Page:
Cases of Lyme disease rose nearly 66 percent in Maryland last year to reach their highest level since the state health department started tracking the tick-borne disease in 1979.
Doctors reported 343 cases last year, compared with 207 the previous year. There were no deaths.
The disease, which produces flu-like symptoms, can affect the heart and cause lifelong joint pain if not treated promptly.
Following a typical pattern, the highest rates occurred on the Eastern Shore where low-lying areas of high grasses provide ideal habitat for the infected deer ticks.
But Dr. Jack R. Grigor, Maryland's public health veterinarian, said significant numbers of cases were reported in suburban and rural areas throughout the state. In Baltimore County, for instance, the rate was 12.9 cases per 100,000 people -- compared with the statewide average of 6.9 cases per 100,000.
Only in the mostly paved areas of the inner city and the higher-altitude areas of Western Maryland is the disease considered rare.
"To give people the impression that there are some safe places and more risky places is not the answer," Dr. Grigor said. "The key is not to leave the impression that certain places are safe havens."
Maryland mirrored a national trend described this week by the federal Centers for Disease Control and Prevention. The agency said 13,083 cases of the disease were reported last year -- up 58 percent over the previous year. The previous record was 9,902 in 1992.
Six states -- New York, Maryland, New Jersey, Connecticut, Rhode Island and Pennsylvania -- accounted for 95 percent of the increase last year, the CDC said.
Reasons for the trend are not completely clear. Dr. Roy Campbell, an epidemiologist at the CDC's National Center for Infectious Diseases, said the increase along the East Coast is at least partly a result of larger deer-tick populations.
As human cases have risen, scientists tracking ticks in Rhode Island and Westchester County, N.Y., also have reported higher tick densities. Such studies have not been done in Maryland.
But Dr. Campbell said, "It makes sense to me that what we probably saw was a regional increase in tick population, not just locally. . . . That tick occurs all along the eastern seaboard from Virginia to southern Maine."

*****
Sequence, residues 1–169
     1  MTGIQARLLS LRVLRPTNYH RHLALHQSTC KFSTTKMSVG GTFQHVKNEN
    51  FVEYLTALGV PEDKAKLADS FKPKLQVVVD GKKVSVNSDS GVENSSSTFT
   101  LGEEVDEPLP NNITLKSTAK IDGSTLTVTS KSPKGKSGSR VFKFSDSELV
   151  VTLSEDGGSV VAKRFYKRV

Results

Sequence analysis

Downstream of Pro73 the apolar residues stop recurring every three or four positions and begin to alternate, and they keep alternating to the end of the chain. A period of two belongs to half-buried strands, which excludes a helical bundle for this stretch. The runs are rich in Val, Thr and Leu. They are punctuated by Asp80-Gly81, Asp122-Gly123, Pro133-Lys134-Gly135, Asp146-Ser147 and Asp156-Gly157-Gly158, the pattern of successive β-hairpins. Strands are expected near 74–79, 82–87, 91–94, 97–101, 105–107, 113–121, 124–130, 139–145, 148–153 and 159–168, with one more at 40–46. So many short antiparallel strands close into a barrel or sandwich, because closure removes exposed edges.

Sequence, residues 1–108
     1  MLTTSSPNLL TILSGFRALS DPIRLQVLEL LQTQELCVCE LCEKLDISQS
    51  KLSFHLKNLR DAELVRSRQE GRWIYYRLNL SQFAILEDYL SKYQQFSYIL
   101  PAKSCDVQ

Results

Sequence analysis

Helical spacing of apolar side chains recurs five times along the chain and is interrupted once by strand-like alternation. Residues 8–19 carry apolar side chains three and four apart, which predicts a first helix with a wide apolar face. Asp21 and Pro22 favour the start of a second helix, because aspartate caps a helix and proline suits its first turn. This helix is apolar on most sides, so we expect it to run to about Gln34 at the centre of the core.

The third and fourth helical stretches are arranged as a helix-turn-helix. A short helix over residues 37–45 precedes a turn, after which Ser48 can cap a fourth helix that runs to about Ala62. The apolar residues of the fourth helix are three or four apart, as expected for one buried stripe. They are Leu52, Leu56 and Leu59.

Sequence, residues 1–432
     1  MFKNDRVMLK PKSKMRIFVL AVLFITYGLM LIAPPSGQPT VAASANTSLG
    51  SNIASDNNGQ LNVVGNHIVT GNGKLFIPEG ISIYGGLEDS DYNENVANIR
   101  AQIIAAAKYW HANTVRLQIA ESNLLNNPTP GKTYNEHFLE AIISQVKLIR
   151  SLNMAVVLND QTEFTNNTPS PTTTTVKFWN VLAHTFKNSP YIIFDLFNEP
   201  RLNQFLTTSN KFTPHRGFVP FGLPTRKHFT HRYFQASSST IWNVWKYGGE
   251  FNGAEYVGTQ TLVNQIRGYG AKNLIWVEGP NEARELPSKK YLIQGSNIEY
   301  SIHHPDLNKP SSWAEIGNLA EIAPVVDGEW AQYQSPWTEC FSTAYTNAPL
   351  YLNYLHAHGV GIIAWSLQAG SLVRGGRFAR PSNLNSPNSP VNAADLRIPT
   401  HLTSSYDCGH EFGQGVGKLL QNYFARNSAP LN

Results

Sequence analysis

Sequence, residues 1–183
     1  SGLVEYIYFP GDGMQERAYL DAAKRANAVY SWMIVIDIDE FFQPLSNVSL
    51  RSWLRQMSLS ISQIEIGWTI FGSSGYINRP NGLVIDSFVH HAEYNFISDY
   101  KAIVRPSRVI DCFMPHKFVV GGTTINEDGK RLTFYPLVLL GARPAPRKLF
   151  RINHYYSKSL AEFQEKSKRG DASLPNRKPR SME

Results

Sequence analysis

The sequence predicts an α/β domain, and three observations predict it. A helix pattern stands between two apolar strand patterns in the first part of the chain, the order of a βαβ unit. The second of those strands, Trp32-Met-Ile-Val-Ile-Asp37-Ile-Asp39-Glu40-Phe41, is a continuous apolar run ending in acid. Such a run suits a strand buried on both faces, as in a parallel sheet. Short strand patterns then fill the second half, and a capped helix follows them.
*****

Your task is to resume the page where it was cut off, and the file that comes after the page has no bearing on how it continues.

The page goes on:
The disease is caused by corkscrew-shaped bacteria transmitted to humans by infected deer ticks. It is most commonly spread in May, June and July, when the tick reaches its nymph stage. At that point, it is no larger than the head of a pin.
Although the tick feeds on deer and other large mammals, the disease usually travels to people by a different route: ticks biting infected field mice, then feasting on humans.
"They are gotten by walking through tall grass and low brush," Dr. Grigor said. "They hang on the edge of the grass trying to catch any creature."
Doctors have become more attuned to the symptoms of Lyme disease and are more likely to diagnose and report cases, according to Dr. Grigor and Dr. Campbell.
Within three to 32 days of exposure, a circular red rash resembling a bull's eye will appear in about three-quarters of infected people. It can be three-quarters of an inch to 26 inches in diameter.
Even when the rash doesn't occur, some people will soon develop the characteristic fever, aching joints and fatigue. Antibiotics usually prevent further symptoms, which can include memory loss, facial paralysis and heart rhythm disturbances.
About half of all people who are not treated will develop arthritic pain that can progress to a chronic lifelong condition.
Tips to avoid Lyme disease:
* Avoid exposure to deer ticks by using insect repellent and wearing long, tucked-in clothing while walking through areas of high grasses.
* Carefully inspect twice a day for the presence of ticks, especially on children who have been outdoors.
* To remove a tick, grasp it with tweezers and tug gently but firmly until it releases its hold on the skin.
* Do not mangle, burn or squash the tick to avoid spreading the bacteria.
* Disinfect the site and wash your hands.
* Save the tick in a closed container. Identification can help in diagnosis if the person bitten develops symptoms.